So my question for you is this- does the CW atheist have any ground to stand on, or is he merely using words (such as ‘right’ and ‘wrong’) in a way that ignores their ‘real’ meaning? ( I mean ‘real’ in CW, not real in our world.) When the CW theist (CWT) uses ethical terms, these terms can be ‘cashed out’ in CW reality, can have truth values, are provable, and have practical results (what I call “empirical meaning”). But what about the AA? What does ethics mean for him? Basically, he is not completely without a basis, since he is using the God’s Moral Law as premises in his arguments, but he is using them wrongly, in a way that ignores the context of the Ethical Telos in CWT. This is against CW’s well-founded scientific theories which explain everything in CW and CW itself. So basically this the “Axiological Atheist” is saying that the fact that he does not like God is more valid than all of CW-human science put together. (Kind of like how people say that they do not like evolutionary ethics in our world.)
Does the AA have anything to say for himself? Not much, He can call the CWTs ‘reductionists’, since they try to ‘reduce’ value statements to factual statements. But the application of this label only seems compelling to people who have an ethics without any basis in fact. It’s hard to see how you can ‘explain’ anything at all without ‘reducing’ it to something else. Since Aristotle, ‘explanation’ has come to mean ‘to subsume a particular under a wider universal’, with said universal being agreed upon by all or most of those who would know. In rejecting what he calls ‘reductionism’, in this way, the AA has also rejected the basis of all explanation.
My point here is that if we have a well-founded theory about the origin of ethical beings, the purpose of ethics, the conditions for the survival of ethical beings, and rules for the change of ethical cultures over time, explanation for why people find certain things ethical or not (like Jonathan Haidt’s moral psychology), then we know what ethics “is”. Some of us might not like it, but they are in the same situation as the axiological atheist; they ultimately (by ‘ultimately’ I mean ‘in philosophy or science’ (or strictly speaking “from the perspective of the Arkhe“) have no right to use ethical concepts in any way that cannot be cashed out in terms of our world’s scientific theory, whether this theory is CWT (in Creation World) or whether it is based on Evolutionary Game Theory, as in our world.
In every sense, CWT and actual Natural Science play the same role in their respective worlds, and those who claim that ethics is somehow exempt from rational principles are in the same philosophical predicament in both worlds.
I’m aware that being “anti-science” in the sense I am using here. (refusal to accept science as normative) has significant adaptive potential, something which I believe explains the real-world existence of ‘axiological theism’ w.r.t evolutionary theories of ethics. Basically the ultimate principle of axiological a/theism is ‘I don’t like how ethics actually is, and it seems hard to imagine that I would dislike what is right and ethical.’ To which we answer: “You’re not the only person who cannot imagine that they are wrong. However, you cannot overthrow all of established scientific theory, and thus we can only consider you wrong. Your beliefs have no basis in an well-established over-arching theory that defines the realm of ethical beings.”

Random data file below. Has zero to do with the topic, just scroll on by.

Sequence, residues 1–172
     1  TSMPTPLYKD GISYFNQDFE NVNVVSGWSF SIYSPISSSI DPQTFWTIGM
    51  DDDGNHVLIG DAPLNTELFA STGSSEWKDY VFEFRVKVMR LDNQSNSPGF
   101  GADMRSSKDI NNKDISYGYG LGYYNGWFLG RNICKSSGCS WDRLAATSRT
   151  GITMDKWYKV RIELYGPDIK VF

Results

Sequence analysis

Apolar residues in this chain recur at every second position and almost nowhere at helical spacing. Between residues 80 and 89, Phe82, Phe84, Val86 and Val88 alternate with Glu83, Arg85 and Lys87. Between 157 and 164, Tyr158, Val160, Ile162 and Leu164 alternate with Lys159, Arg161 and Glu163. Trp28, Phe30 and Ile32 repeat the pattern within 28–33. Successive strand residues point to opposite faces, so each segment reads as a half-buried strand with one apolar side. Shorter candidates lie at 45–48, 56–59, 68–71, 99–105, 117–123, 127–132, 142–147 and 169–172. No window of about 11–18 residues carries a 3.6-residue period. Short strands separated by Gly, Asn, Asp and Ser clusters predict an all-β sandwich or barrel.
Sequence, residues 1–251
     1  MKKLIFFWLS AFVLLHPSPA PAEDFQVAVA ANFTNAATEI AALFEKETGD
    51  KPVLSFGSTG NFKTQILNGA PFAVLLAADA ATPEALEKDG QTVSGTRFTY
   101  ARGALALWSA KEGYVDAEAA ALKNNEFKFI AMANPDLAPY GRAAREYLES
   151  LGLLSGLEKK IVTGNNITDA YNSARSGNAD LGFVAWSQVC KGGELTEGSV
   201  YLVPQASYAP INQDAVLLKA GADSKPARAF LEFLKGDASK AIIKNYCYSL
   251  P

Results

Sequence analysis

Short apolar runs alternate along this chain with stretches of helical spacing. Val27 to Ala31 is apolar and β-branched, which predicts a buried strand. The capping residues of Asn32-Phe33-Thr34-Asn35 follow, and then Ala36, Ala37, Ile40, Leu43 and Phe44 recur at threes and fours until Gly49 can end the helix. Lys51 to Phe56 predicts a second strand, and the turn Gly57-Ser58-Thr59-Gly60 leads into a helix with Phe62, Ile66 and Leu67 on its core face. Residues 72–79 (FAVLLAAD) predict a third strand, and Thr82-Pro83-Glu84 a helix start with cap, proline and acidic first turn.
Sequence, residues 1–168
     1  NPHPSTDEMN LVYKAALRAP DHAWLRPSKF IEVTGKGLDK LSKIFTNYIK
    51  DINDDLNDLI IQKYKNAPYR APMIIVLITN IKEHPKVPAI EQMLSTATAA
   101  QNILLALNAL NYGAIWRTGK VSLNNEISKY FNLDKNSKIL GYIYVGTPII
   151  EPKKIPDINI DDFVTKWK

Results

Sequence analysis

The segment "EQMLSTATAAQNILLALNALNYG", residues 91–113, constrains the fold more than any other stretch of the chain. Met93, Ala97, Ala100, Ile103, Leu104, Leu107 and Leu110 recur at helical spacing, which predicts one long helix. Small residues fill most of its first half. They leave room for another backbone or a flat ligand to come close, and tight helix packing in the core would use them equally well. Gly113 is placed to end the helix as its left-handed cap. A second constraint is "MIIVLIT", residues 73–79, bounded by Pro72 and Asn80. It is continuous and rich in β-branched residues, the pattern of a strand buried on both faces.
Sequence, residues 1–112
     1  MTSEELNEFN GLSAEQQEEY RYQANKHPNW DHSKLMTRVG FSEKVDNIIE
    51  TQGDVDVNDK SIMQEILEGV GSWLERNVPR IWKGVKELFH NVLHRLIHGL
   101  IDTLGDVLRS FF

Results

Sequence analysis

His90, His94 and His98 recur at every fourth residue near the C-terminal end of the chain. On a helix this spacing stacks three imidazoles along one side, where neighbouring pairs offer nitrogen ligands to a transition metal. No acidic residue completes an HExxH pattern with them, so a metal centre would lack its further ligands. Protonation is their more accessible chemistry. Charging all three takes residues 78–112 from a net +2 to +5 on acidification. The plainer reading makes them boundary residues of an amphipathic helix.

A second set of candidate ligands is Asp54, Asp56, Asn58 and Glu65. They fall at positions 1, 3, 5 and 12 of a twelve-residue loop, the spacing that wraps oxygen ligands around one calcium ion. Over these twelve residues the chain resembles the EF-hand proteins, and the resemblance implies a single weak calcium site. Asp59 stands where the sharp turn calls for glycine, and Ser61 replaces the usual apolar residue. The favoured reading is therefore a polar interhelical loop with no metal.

What are ethical beings with respect to the merely natural?
For Selection Theory, ethical beings are a subset of the realm of animals (beings with sensation and movement), which are a subset of the realm of living beings (which undergo Darwinian evolution), which is a subset of physical beings ( which undergo change over time and space ). Thus ethical beings inherit many attributes from higher genera, and ethics can be seen from a real context that provides its arkhe. In this context, we can define ethical beings most simply as “animals having language” or “political animals”. These two definitions are functionally identical; they both imply that the human survival strategy is implemented in a social structure implemented with language. In short, this means we have a ‘multiagent system’ as opposed to a single-agent system such as we find in a “hive mind”.
The advantage of a hive-mind are clear for insects, since each individual in the hive is not intelligent at all, but together they can accomplish much. Humans gain a similar advantage from their cultural storage of knowledge, but the freedom of mind typical of a human society means that we are ‘historical beings’. Eusocial hive minds are static; they have been around for millions of years and yet have much the same survival strategies and ecological niches now as they did in previous epochs. Humans are dynamic in occupying new niches and developing new strategies; this is the hallmark of increased fitness from an evolutionary standpoint. This means that humans are objectively ‘better’ and that human political structures are ‘better’ because they demonstrate more innovation while maintaining sustainability over the long run . Of course, even if we grant this point there is much to argue about which version of modern civilization embodies evolutionary values the most, but at least we have the outlines for putting our ethical and political debates on a solid theoretical footing, without having to worry out people pulling ‘oughts’ out of some wormhole. Instead, they will be ‘reduced’ to starting with some statement of fact or a counterfactual framed in terms of a well-established scientific theory. This latter choice is the basis for evolutionary ethics.
Further issues with the theory
The “Open Question” Argument – There is a more refined argument for the fact/value distinction that I have not yet dealt with: G’ E’ Moore’s “Open Question” argument, which is what most professional philosophers will bring up against Evolutionary Ethics. Against this I have dedicated an article found here.. [Upcoming!]